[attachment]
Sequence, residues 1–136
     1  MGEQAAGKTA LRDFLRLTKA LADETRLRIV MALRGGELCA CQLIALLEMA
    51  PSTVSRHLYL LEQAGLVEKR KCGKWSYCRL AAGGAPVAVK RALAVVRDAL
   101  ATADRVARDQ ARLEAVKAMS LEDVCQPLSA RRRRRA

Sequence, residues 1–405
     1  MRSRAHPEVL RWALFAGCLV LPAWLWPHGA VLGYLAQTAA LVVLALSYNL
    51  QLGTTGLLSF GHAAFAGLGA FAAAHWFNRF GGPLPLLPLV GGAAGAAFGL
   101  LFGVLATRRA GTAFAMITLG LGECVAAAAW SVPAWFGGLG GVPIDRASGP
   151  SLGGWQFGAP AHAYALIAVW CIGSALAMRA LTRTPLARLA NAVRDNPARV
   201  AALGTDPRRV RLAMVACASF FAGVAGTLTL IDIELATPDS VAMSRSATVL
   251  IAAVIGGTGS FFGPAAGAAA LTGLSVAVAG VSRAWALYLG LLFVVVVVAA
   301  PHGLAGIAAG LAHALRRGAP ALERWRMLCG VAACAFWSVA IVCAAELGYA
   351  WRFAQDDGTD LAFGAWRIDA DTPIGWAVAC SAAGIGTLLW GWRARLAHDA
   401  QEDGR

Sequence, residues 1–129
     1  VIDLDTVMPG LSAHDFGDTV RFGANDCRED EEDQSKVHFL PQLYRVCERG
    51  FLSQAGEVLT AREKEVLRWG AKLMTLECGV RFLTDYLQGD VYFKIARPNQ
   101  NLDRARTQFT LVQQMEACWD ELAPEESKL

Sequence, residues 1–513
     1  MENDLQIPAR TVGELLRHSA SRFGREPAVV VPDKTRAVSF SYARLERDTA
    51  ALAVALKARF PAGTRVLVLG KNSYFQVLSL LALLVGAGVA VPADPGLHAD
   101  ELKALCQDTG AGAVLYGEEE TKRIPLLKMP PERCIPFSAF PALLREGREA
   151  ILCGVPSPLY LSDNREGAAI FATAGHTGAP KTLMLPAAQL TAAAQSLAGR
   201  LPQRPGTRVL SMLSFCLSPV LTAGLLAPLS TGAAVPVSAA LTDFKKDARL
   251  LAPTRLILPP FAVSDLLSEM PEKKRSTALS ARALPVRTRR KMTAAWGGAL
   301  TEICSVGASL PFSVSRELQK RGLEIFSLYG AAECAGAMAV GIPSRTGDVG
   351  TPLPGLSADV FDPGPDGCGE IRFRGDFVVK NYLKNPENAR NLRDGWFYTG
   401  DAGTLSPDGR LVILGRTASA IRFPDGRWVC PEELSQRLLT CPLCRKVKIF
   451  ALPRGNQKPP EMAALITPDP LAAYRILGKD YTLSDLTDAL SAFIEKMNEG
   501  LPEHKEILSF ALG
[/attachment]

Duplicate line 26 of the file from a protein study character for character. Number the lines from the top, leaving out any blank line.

   301  TEICSVGASL PFSVSRELQK RGLEIFSLYG AAECAGAMAV GIPSRTGDVG